Latin music’s newest rebel Tokischa isn’t holding back

Tokischa’s rapid rise has been divisive. For some, she is a sexual deviant endangering children, or a victim of neglect and difficult circumstances. For others, she is a woman who objectifies herself and who only satisfies male fantasies. And for still others, she is a fearless feminist whose insurgent spirit is breaking new ground. Last summer, she performed in Santo Domingo during the Dominican Pride Parade and featured trans women as extras and dancers in the video for “Linda,” which garnered praise from the entire LGBTQ community. Beauty blog Byrdie wrote that she “actively draws the needle away from the male gaze and towards female liberationand this in a Latin music industry that often favors white artists.

All was not rosy, however. Last fall, feminist activists and Colombia’s vice-president condemned the portrayal of black women in Tokischa and J Balvin’s video for “Perra,” in which black women wear prosthetics that portray them as dogs, and Balvin, a white Colombian, walks an actress, who is on all fours with a chain around her neck.

After the video was removed from YouTube, Balvin issued an apology. Tokischa later Told Rolling Stone that she was “really sorry that people feel offended”, but that the visual was conceptual, intended to illustrate the song’s metaphors. “We were in the Dominican Republic; over there, we are all black,” she said. mentioned backlash in a December podcast interview. “It wasn’t like we went to Africa or the United States to find these women.” Unsurprisingly, the comment drew critical from some fans on Twitter for dismissing valid concerns about the animalistic portrayal of black women.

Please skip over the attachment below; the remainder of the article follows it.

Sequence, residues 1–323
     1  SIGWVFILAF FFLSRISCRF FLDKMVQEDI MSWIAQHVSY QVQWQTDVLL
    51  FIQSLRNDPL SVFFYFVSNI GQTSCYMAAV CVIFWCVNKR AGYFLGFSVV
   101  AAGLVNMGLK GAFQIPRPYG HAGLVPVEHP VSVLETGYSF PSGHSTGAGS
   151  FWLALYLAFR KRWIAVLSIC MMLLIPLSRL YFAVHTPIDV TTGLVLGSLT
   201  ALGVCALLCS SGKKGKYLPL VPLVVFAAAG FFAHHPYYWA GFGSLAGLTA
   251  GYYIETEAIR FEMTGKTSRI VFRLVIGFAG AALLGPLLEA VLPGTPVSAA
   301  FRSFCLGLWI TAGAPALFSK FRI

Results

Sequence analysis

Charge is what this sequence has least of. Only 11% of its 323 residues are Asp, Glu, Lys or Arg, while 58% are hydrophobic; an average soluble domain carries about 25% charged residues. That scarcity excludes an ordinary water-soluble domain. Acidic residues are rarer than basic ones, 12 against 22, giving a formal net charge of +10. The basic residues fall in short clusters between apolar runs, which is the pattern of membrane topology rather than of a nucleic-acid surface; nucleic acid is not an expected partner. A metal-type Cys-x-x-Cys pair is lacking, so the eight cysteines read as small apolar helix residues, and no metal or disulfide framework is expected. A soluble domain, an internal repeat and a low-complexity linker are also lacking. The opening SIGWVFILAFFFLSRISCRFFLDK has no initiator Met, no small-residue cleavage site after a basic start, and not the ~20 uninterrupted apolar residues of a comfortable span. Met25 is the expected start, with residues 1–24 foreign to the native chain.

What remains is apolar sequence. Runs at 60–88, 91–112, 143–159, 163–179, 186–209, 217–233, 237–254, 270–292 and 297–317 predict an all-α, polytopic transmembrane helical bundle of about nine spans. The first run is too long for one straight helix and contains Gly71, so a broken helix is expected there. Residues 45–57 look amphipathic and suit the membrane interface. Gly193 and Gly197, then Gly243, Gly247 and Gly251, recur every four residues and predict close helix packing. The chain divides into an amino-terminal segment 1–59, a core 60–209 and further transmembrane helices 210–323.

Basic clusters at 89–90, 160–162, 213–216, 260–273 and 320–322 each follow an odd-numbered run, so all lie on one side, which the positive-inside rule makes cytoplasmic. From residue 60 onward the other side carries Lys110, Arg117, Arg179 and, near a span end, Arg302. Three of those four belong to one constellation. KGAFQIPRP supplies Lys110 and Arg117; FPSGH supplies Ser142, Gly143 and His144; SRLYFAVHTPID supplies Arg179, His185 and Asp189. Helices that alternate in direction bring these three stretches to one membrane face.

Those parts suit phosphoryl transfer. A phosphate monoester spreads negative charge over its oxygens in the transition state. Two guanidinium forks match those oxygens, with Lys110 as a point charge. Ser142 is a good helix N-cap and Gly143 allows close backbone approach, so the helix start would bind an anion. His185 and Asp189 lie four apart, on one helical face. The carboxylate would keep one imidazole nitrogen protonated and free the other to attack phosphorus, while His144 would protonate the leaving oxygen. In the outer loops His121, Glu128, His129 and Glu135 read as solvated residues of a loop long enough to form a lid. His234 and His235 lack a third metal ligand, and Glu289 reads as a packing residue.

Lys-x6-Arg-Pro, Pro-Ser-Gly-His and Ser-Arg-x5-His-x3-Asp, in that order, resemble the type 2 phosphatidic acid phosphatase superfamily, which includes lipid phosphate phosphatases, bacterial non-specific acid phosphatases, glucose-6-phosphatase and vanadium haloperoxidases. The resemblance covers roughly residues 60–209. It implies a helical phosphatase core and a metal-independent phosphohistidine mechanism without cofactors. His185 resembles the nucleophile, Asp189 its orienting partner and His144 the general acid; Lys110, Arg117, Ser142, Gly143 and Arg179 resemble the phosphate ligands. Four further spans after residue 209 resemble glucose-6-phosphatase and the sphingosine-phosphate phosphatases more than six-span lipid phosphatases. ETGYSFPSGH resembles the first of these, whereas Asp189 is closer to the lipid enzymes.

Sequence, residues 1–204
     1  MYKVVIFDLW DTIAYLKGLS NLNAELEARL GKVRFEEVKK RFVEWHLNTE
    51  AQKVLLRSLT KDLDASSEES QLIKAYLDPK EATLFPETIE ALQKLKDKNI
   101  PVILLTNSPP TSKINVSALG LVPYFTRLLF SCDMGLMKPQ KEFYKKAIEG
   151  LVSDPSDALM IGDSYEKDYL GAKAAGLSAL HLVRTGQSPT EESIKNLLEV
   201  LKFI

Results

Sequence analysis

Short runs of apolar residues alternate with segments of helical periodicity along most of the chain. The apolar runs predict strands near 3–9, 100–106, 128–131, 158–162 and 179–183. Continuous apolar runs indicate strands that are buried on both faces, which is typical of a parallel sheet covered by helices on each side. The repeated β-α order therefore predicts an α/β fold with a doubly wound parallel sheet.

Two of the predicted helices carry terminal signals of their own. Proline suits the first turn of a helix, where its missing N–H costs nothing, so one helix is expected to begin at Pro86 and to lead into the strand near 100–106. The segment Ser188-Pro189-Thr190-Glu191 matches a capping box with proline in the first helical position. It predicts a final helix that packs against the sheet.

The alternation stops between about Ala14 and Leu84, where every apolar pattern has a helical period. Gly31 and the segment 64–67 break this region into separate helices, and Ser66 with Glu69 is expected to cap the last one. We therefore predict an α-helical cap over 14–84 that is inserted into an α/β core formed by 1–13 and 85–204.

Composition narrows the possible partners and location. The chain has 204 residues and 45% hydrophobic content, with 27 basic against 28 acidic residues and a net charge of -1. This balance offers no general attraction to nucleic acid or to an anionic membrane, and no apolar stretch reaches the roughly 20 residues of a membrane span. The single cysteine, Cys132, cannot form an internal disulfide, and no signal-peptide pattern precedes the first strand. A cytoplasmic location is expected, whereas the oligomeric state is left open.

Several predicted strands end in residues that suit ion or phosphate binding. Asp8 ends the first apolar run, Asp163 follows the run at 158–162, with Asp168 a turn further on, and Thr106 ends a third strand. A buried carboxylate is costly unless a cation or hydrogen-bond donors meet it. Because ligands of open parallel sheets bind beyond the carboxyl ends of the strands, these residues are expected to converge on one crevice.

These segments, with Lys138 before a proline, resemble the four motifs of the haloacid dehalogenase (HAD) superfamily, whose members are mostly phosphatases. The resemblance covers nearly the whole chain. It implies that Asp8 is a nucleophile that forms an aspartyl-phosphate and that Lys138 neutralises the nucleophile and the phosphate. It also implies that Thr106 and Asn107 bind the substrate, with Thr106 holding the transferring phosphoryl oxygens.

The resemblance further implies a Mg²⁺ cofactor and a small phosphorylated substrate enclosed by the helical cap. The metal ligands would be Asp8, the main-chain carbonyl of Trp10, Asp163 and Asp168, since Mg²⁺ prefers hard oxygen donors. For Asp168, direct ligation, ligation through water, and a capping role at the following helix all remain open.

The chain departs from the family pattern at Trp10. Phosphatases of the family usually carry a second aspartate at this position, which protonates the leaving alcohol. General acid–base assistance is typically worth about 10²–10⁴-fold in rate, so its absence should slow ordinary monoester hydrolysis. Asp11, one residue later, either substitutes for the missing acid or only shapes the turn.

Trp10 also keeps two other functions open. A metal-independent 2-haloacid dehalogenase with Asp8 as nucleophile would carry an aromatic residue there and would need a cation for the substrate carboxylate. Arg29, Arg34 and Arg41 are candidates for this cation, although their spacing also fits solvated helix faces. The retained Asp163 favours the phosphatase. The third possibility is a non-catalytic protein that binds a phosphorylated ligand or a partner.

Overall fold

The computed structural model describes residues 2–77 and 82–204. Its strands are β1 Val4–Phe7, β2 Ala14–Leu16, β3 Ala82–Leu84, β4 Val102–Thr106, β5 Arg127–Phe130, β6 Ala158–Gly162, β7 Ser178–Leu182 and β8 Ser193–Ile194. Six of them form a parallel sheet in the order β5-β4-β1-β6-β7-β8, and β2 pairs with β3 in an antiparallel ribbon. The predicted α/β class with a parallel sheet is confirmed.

The reaction illustrated how fans are increasingly demanding progressiveness from pop stars, especially disruptors like Tokischa. “From the first day I started making music, I said, ‘I’m going to speak my truth,'” she said. In a radio interview last year, she explained the point in a different way: “I’m just talking about me, my life,” she said. “I don’t feel responsible for fixing society.”

Tokischa is still an agitator, and a necessary agitator. “Not being afraid to express my sexuality, my way of thinking – that’s a beautiful thing,” she said. “There are a lot of people who are afraid to say who they are, because they get kicked out of their homes, they get fired from their jobs, they lose friends. But you’re not bad, you do what your heart tells you.

“I have many more messages to offer,” she continued. “But now is the time to this message, and I love it.

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